Los Angeles Road Concerts is seeking artists of all kinds to install or perform site-specific works in unused public space in Downtown Los Angeles along a loop made of 1st, Spring, 9th and Main St. as part of World Day of Remembrance for Road Traffic Victims, Sunday, November 20, 2016.

Submissions may be sent through the online form or to [email protected].

In four previous events, LA Road Concerts has shown work from over 250 Los Angeles artists in unused public outdoor space. In a “road concert” participating artists display installations, perform works, facilitate carpool happenings, host spontaneous readings, and make music in unexpected spaces, such as on the sidewalk, between dumpsters, along streetlamps, as well as inside the audience’s earbuds as they traverse the path of the road concert. Audience members can walk, bike, skateboard, carpool or take public transit. They can time it to see it all, go it unplanned, or carefully curate their day.
LA Road Concerts seeks to investigate the possibilities of LA's streets as sites for artistic exploration while offering a street-level window onto the city's diversity of people, buildings and landscapes, how the metropolis grew and cars came to dominate, and the in-between and negative spaces the city left behind as it expanded. Through a wide open call process, LA Road Concerts brings together art school graduates, working artists, local residents and other artists, writers, musicians, performers, to realize a broad array of kinds of interactions with the sites.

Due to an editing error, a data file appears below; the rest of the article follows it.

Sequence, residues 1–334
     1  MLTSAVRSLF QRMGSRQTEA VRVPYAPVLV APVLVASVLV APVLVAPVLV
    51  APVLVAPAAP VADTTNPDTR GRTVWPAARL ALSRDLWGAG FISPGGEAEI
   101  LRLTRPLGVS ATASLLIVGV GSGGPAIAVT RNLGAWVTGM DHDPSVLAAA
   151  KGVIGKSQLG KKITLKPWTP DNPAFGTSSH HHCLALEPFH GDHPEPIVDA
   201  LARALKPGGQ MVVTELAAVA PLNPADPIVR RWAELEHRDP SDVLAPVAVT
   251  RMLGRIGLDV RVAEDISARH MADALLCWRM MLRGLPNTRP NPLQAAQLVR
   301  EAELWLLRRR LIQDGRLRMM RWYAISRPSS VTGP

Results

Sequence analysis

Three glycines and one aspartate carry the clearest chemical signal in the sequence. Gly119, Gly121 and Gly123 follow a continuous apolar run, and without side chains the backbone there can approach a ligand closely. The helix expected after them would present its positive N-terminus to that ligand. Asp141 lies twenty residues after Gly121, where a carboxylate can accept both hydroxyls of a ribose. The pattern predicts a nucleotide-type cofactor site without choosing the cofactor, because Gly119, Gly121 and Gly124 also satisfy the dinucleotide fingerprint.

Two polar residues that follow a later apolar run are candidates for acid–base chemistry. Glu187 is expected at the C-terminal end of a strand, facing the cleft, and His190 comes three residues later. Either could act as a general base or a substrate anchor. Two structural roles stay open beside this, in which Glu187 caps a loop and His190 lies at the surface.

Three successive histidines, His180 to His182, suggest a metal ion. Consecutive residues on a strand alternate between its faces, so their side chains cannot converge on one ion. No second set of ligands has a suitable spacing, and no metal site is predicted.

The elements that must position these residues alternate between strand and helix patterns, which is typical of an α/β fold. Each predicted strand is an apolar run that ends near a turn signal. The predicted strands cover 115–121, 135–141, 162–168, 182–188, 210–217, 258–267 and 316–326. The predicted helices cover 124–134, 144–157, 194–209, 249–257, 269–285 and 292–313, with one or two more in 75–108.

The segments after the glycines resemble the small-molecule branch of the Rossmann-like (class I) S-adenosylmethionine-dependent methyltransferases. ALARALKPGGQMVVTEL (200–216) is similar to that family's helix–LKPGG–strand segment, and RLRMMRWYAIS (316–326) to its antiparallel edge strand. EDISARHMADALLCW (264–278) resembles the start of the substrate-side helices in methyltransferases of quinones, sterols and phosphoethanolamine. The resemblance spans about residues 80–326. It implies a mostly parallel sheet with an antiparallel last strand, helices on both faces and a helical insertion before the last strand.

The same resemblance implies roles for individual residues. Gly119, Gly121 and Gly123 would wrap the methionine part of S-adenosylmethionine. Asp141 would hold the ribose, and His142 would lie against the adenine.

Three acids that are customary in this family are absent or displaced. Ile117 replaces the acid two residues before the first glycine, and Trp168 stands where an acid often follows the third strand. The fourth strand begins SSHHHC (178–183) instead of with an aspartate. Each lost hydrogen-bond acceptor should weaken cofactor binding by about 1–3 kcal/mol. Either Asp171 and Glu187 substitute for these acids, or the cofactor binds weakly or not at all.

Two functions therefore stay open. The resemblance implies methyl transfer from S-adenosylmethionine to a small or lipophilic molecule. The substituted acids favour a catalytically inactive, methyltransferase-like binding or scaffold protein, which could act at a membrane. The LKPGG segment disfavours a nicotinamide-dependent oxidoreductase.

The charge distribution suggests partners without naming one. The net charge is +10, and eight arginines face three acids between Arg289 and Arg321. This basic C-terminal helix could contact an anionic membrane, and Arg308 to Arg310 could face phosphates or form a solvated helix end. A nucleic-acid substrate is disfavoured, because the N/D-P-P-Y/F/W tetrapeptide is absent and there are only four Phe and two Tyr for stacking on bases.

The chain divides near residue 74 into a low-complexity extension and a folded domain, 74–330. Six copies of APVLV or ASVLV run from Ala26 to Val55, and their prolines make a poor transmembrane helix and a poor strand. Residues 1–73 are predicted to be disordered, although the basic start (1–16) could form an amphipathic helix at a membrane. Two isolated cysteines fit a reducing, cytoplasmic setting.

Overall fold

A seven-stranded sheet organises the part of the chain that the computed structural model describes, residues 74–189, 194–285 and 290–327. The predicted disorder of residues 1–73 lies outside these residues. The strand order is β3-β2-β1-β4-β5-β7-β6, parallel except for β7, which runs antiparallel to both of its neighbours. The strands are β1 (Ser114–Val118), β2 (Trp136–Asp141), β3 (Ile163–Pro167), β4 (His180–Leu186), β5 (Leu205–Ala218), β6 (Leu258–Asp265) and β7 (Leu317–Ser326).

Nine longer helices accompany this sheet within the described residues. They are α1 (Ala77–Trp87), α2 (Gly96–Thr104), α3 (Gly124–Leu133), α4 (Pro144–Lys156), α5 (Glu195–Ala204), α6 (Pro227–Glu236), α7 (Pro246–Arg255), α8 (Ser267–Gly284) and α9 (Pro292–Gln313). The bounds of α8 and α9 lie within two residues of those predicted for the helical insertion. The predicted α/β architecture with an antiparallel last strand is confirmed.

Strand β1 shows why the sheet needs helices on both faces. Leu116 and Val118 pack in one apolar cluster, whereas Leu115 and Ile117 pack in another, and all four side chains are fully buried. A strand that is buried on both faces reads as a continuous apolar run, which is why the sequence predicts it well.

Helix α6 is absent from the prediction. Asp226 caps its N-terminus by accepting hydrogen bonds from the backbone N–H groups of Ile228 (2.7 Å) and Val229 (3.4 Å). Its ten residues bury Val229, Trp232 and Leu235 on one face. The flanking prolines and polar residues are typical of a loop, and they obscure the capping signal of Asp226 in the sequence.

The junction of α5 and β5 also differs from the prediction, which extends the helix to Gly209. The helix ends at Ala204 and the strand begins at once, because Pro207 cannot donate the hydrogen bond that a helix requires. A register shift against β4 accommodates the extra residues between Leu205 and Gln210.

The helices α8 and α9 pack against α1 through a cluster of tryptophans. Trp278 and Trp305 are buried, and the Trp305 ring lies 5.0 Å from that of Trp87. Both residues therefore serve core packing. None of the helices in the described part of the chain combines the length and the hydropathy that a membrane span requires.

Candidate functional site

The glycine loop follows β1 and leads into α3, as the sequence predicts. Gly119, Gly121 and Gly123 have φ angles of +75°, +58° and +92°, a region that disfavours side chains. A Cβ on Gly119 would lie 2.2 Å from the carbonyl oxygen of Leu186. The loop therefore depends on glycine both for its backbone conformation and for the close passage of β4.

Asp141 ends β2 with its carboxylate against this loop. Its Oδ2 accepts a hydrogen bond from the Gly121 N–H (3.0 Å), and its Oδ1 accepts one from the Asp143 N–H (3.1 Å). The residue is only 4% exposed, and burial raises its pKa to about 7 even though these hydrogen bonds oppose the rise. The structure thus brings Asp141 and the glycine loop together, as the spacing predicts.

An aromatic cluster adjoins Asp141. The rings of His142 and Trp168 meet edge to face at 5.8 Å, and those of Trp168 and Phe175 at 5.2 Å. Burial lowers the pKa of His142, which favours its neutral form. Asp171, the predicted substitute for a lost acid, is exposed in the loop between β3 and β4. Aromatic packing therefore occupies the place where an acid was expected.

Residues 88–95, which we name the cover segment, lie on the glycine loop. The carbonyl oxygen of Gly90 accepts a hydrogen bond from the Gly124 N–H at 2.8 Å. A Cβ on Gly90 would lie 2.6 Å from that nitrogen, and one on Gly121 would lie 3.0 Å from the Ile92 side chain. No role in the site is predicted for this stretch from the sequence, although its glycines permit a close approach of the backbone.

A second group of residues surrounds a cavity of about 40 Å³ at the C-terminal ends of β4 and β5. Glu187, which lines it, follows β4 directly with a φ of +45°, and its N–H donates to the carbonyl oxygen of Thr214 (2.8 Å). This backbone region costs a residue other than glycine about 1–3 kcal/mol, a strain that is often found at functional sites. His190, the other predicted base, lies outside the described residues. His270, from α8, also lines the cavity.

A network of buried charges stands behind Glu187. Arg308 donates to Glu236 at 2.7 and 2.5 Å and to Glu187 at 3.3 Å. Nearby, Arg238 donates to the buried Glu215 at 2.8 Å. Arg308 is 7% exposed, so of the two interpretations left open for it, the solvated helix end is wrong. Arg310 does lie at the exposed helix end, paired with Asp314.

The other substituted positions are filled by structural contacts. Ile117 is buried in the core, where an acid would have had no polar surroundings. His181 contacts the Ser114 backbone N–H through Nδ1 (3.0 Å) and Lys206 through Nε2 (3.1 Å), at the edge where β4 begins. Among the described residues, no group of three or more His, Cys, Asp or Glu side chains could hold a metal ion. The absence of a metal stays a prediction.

This particular road concert is part of the annual World Day of Remembrance for Road Traffic Victims (, commemorating the many millions killed and injured on the world’s roads, together with their families and communities. For pedestrians, DTLA is the most dangerous area of the most dangerous US city. Over 600 people on foot were hit by cars in DTLA over 12 years, averaging a person a week. This road concert asks participating artists of any medium to make works that bring awareness to traffic casualties, ponder solutions and utopias, remember the victims, investigate car culture, and explore the complexity of the problem, such as what causes people to make dangerous decisions like texting or drinking while driving, or how our transit systems reflect America's race and class inequalities and privilege the able bodied.